Lisa G. Lerman is professor of law emerita at the Catholic University of America and author of “The Ethical Problems in the Practice of Law.” She says the federal court’s seizure of Trump’s lawyer’s notes isn’t out of the ordinary as a matter of law, but is notable for being clear-cut, and not a muddy judgment call. “The decision about Evan Corcoran's notes may be the most vivid example I've ever seen of a client endeavoring to pressure a lawyer to help him to unlawfully withhold documents and to lie to the investigators,” said Lerman. “It is a textbook case that illustrates a proper application of the crime-fraud exception to attorney-client privilege,” she told Real Clear Politics.

One experienced Washington litigator interviewed by Real Clear Politics, but who asked not to be quoted by name, is far less sanguine. He says it is all too common for prosecutors to try to get their hands on lawyer-client communications as it is. He worries the eagerness to pursue Trump is leading to the erosion of one of the most fundamental norms in Anglo-American law. “The protection of communications between lawyers and their clients is the foundation of our legal system,” he said, adding he was “shocked” by how thoroughly the privilege has been breached in the Trump case.

It's possible that judges have become more willing to consider whether communications fall within the exceptions,” says William H. Simon, professor of law emeritus at Columbia Law School. He told RealClearPolitics that there may not be any change going on in how the exceptions to the privilege are enforced, but the fight over lawyer confidentiality may simply be more visible because of the very public nature of Trump’s conflict with prosecutors, or because of what Simon calls “the flagrancy of his contempt for law.”

Stephen Gillers, a professor at NYU School of Law, scoffs at the notion courts are setting a bad precedent in denying the former president the right to confidentiality in his conversations with his lawyers. “Application of the exception to Trump's communications with his lawyers will not in the slightest affect the privilege,” Gillers told RealClearPolitics. “It is no different from application of the exception to communications of hundreds of other defendants with their lawyers over the decades, with no dilution of the protection of the privilege where there is no crime or fraud.”

But when it comes to clients other than Trump, legal professionals are far more zealous in arguing the importance of the privileges that come with their position.

Last year, Congress considered new limits on lawyer-client confidentiality. Lawmakers nearly passed legislation, the Enablers Act, that would have required attorneys to alert regulators and prosecutors of any fishy financial transactions by their clients. Lawyers would have been treated like bankers, required to do due diligence about their clients and report any “suspicious activities.” The legal profession went into overdrive, pushing back against what it saw as a threat to the privilege that distinguishes lawyers from other professionals, the privilege of confidentiality that makes attorneys more like priests than mere businessmen.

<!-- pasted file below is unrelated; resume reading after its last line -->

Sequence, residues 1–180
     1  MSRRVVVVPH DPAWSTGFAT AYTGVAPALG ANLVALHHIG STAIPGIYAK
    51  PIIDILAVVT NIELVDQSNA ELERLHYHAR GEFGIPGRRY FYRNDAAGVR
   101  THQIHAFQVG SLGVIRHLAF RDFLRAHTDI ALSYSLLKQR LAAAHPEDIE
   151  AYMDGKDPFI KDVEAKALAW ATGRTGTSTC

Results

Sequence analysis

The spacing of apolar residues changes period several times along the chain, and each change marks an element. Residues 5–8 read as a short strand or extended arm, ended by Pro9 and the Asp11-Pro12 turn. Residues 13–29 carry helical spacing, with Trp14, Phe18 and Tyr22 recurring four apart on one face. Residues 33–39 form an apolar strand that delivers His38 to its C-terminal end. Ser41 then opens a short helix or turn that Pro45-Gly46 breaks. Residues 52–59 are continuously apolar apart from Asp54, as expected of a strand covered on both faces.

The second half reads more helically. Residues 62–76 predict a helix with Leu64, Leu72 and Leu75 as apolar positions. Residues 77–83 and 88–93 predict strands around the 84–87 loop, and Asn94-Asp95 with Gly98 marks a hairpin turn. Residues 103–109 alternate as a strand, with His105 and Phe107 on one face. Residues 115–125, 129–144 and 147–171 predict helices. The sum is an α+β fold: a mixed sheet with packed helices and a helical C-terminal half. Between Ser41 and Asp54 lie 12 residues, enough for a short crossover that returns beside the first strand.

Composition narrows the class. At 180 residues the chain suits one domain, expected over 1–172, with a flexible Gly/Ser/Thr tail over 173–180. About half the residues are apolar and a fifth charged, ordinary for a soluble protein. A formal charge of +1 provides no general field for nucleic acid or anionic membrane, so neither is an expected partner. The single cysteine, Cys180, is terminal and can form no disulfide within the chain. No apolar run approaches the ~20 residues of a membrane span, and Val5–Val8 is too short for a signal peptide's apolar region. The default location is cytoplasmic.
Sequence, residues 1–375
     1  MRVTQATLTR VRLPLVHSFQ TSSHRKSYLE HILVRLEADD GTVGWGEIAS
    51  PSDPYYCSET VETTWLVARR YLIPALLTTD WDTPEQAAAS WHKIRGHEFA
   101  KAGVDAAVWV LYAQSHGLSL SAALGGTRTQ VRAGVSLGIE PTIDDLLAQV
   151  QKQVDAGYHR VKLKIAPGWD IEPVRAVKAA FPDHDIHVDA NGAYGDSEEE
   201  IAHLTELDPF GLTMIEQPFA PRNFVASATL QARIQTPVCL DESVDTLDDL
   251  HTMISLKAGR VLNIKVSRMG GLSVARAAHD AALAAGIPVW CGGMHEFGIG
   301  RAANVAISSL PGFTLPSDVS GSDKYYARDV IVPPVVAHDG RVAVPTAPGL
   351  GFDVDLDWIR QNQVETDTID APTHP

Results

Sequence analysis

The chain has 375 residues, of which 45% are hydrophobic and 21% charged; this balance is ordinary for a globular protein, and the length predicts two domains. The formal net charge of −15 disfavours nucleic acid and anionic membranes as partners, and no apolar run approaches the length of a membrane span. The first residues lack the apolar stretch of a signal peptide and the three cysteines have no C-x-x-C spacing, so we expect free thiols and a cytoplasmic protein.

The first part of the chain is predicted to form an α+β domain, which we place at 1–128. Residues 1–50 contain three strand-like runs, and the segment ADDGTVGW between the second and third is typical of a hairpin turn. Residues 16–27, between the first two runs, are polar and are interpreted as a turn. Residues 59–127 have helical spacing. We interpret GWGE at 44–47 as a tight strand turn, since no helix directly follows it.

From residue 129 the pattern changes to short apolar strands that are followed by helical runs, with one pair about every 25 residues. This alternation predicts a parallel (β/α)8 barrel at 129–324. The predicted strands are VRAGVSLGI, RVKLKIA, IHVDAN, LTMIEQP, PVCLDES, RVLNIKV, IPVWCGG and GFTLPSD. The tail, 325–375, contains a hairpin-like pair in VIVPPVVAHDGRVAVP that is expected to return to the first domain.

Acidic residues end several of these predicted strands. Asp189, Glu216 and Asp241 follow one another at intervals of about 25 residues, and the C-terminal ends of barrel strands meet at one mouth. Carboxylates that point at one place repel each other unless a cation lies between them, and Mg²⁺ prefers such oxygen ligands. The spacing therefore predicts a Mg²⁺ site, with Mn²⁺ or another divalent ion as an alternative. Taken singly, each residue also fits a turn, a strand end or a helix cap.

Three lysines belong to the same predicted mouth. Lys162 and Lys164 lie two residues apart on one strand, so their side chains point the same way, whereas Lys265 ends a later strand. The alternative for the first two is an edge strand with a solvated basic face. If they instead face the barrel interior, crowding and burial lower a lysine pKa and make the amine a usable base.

The attorney-client privilege and the lawyer’s ethical duty of confidentiality are bedrock legal principles that have been developed and enforced by the courts and that lawyers are required to follow,” the ABA emphasized in a letter to senators. “Both principles enable clients to communicate with their lawyers in confidence, which is essential to preserving clients’ fundamental right to the effective assistance of counsel.”

As for the Supreme Court, it has not set these boundaries definitively. In a unanimous 1933 decision, the justices noted in passing that the “privilege takes flight if the relation is abused.” The court added, “A client who consults an attorney for advice that will serve him in the commission of a fraud will have no help from the law. He must let the truth be told.”

Yet that case, Clark v. United States, did not involve attorney-client privilege at all. It was about juror misconduct; Justice Benjamin Cardozo, who wrote the opinion, was merely using attorney-client privilege as an analogy.

More recently, the court had shored up the principle. In Upjohn v. U.S., the court noted, “The attorney-client privilege is the oldest of the privileges for confidential communications known to the common law.” Its purpose? To “encourage full and frank communication between attorneys and their clients, and thereby promote broader public interests in the observance of law and administration of justice.” The high court ruled that the attorney-client “privilege recognizes that sound legal advice or advocacy serves public ends and that such advice or advocacy depends upon the lawyer's being fully informed by the client.”

If the trials of Trump do lead to the erosion of the attorney-client privilege, we will see yet another important legal norm damaged, not, perhaps by Trump himself, but by those determined to see him punished and ruined. Which leaves the question: If the protections traditionally afforded defendants are weakened, will the blame be Trump’s or his pursuers?